Within two days of joining Morgan’s command, John M. Porter saw combat in the Battle of Cynthiana, one of the most vicious engagements of the war for the size of the opposing forces involved. At Cynthiana, the Kentucky Central Railroad, connecting Covington, Kentucky, and Lexington, crossed the South Fork of the Licking River. Large amounts of government stores, ...

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6 It Was a Grand and Imposing Ovation

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pp. 77-95

Probably no single month in John Hunt Morgan’s military career was more filled with action and success than August 1862. After returning from his wildly successful first Kentucky raid, Morgan settled his command in and around Hartsville, Tennessee, a small town in Trousdale County, about fifteen miles east of...

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7 The Whiskey Was Still Abundant

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pp. 97-109

While General Bragg’s army slowly withdrew from Kentucky by way of Cumberland Gap to Knoxville and then to Murfreesboro, and General Buell’s army marched west of Bragg on direct routes to Nashville, John Hunt Morgan set out for Tennessee on roads west of Buell’s line of march. Returning to Tennessee was no easy matter. Morgan and his command, Duke’s...

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8 The Fame and Glory of Morgan's Command

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pp. 111-127

General Buell was removed from command of the Federal Army of the Ohio in Nashville on October 30, 1862. In Buell’s place, the Lincoln administration named Major General William S. Rosecrans. The army would soon be renamed the “Army of the Cumberland,” a name it would proudly carry through the rest of the war. General Bragg had returned to central Tennessee; his army,...

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9 This Was a Hard-Fought Field

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pp. 129-139

Probably none of John Hunt Morgan’s operations are more obscure than those that occurred during the winter of 1863. Basil W. Duke writes of those operations only in generalities in his History of Morgan’s Cavalry, as he was personally absent at times. Without a doubt, those operations represent some of Morgan’s most notable military achievements. John M. Porter ...

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10 Our March Was Cautious

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pp. 162-173

Lieutenant John M. Porter’s most notable achievement as a soldier was a scout that he, Captain Thomas H. Hines, and a select group of twelve other men from Company E, Ninth Kentucky Cavalry (C.S.A.), made in February 1863. Most of them were from Butler County, Kentucky, so chosen because they were intimately familiar with the area...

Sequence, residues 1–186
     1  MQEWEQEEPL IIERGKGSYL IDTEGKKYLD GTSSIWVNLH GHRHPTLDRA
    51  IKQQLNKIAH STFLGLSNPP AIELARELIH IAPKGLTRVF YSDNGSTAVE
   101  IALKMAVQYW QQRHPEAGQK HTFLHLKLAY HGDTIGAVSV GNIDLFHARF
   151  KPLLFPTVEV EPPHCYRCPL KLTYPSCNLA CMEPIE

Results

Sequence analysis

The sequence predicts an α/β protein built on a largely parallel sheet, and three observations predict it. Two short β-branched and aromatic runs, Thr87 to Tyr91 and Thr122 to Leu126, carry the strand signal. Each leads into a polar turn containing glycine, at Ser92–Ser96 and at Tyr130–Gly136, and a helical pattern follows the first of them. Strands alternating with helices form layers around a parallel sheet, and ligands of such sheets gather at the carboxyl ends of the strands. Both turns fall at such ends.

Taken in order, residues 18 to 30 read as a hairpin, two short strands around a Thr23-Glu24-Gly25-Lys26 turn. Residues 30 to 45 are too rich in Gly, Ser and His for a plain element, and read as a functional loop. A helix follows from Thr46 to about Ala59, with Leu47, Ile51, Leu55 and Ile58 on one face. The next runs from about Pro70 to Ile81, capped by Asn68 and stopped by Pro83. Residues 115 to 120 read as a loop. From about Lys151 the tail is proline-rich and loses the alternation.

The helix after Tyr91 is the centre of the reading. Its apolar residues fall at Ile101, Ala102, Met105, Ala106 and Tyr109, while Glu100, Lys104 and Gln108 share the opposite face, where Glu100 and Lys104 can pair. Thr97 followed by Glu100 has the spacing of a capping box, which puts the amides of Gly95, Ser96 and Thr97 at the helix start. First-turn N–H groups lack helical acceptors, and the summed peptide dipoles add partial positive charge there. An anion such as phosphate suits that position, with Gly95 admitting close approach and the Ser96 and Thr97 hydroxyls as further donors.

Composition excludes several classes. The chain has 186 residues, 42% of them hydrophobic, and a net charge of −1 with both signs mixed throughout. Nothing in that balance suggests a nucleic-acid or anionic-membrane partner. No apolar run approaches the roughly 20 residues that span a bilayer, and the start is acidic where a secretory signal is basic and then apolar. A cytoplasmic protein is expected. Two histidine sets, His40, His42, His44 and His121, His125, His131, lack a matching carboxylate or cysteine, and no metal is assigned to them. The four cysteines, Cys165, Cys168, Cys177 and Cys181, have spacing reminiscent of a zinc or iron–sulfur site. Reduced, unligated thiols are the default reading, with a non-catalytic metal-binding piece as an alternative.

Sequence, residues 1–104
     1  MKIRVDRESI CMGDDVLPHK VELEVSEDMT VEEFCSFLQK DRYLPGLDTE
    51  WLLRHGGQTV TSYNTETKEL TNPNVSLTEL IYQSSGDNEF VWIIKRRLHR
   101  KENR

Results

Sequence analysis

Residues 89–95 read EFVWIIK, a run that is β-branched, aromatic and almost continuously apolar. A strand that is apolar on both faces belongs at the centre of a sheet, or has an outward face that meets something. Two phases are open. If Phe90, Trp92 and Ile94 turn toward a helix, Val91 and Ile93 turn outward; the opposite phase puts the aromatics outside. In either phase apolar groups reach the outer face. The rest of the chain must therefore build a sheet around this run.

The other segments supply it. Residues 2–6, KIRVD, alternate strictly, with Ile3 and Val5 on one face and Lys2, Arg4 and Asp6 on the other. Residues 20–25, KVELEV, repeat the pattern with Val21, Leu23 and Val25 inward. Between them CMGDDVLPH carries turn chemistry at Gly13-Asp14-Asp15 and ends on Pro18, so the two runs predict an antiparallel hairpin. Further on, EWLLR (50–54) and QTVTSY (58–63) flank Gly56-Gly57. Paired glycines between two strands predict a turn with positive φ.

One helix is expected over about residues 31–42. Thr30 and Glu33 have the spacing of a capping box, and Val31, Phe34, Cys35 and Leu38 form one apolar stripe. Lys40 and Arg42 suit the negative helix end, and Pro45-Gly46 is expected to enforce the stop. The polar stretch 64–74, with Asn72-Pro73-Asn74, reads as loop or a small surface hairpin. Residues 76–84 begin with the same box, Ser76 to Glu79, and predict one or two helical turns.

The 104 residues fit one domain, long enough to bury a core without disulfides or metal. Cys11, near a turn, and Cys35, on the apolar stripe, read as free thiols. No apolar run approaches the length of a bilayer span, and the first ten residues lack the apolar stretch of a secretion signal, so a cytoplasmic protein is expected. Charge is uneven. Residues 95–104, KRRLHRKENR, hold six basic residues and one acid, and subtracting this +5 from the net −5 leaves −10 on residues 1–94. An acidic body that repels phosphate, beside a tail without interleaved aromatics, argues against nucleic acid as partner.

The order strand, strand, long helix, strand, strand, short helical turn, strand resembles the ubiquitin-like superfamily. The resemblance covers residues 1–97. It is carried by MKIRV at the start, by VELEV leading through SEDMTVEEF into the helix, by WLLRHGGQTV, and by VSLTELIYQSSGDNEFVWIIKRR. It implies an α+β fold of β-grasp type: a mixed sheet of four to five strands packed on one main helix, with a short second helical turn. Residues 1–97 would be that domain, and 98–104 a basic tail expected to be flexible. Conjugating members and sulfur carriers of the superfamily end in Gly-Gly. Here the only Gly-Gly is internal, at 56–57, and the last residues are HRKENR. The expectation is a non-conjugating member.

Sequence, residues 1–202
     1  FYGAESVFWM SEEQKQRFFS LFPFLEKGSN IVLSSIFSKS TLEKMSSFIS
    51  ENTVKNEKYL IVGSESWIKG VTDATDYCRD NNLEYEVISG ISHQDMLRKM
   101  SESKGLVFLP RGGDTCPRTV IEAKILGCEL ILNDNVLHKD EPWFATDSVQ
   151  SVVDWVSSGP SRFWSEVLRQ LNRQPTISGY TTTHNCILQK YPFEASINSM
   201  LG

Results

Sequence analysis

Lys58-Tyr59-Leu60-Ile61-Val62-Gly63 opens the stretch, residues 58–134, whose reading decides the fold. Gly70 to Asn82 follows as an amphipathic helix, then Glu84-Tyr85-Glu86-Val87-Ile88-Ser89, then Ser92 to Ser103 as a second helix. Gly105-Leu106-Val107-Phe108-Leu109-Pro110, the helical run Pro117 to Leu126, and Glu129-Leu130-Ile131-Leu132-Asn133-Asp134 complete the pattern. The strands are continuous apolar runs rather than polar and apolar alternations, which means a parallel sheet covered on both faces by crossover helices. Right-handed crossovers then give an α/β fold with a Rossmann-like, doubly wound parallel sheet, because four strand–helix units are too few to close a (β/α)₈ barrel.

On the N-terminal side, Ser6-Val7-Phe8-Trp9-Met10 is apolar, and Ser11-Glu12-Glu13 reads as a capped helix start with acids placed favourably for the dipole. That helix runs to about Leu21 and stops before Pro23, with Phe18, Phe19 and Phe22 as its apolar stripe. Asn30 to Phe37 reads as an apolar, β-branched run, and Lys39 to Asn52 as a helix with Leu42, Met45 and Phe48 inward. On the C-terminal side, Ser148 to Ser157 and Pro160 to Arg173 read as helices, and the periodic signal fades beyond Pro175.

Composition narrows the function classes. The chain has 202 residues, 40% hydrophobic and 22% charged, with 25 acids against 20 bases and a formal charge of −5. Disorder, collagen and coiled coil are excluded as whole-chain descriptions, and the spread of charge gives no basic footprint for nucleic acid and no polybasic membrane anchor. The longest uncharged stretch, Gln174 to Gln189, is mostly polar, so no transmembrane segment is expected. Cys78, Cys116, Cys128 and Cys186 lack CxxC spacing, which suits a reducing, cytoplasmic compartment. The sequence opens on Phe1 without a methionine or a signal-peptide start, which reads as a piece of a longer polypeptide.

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11 The Scene Was Ludicrous and Pitiful

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pp. 153-164

After days and nights hiding from Federal cavalry patrols, Captain Thomas H. Hines and his men determined to strike. Led by Hines, the command proceeded to South Union and then to the Barren River, where, on February 25, 1863, the small force captured and destroyed the steamboat Hettie Gilmore and all of the heavy stores it was carrying to Bowling Green to ...

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12 I Was Captured for the Last Time

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pp. 165-175

As John Hunt Morgan was preparing his division to reenter Kentucky and, possibly, cross the Ohio River into Indiana, he sent Captain Thomas H. Hines and Lieutenant John M. Porter and eighty men from the Ninth Kentucky Cavalry (C.S.A.) into that area of Kentucky between Covington and Brandenburg where a crossing of the Ohio River would have to be accomplished...

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13 The Days Dragged Slowly By

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pp. 177-188

John M. Porter was imprisoned at Johnson’s Island Prisoner of War Depot in Sandusky Bay, Ohio. Johnson’s Island was chosen for a prison site in the fall of 1861. Although it was designed to hold both officers and enlisted men, it was ultimately determined that it would house only commissioned officers. That is the reason Porter was confined...

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14 With Three Days' Rations, We Started Home

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pp. 189-203

John M. Porter was exchanged in February 1865. He and other prisoners from Johnson’s Island were transported by rail from Sandusky, Ohio, through Pittsburgh, to Baltimore, and then down the Chesapeake Bay from Baltimore to the James River . Porter was finally set ashore at Rockets, the location of the Confederate navy yard and a southern suburb of Richmond, ...

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pp. 205

I began practicing law, that is obtained license, in December 1868, at Morgantown, Kentucky, and remained at that place until October 1870, at which time I removed to Bowling Green, Kentucky, and engaged in...


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pp. 207-270


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pp. 271-278


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pp. 279-300

E-ISBN-13: 9780813129907
Print-ISBN-13: 9780813129891

Page Count: 320
Publication Year: 2011

Research Areas


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Subject Headings

  • Kentucky -- History -- Civil War, 1861-1865 -- Personal narratives, Confederate.
  • Soldiers -- Kentucky -- Biography.
  • Confederate States of America. Army. Morgan's Cavalry Division.
  • Porter, John Marion, 1839-1884.
  • United States -- History -- Civil War, 1861-1865 -- Personal narratives, Confederate.
  • Confederate States of America. Army. Kentucky Cavalry Regiment, 9th.